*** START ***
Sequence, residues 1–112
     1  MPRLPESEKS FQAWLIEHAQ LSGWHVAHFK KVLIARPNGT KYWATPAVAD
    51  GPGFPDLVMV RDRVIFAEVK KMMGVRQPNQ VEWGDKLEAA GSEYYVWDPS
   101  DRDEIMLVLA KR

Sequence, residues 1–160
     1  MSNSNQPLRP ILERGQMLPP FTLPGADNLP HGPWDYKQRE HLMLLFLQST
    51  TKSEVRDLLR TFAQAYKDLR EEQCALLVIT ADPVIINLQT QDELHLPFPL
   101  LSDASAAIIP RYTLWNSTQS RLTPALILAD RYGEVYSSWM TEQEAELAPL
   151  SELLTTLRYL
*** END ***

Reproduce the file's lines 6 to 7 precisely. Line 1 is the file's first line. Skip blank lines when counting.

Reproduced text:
     1  MSNSNQPLRP ILERGQMLPP FTLPGADNLP HGPWDYKQRE HLMLLFLQST
    51  TKSEVRDLLR TFAQAYKDLR EEQCALLVIT ADPVIINLQT QDELHLPFPL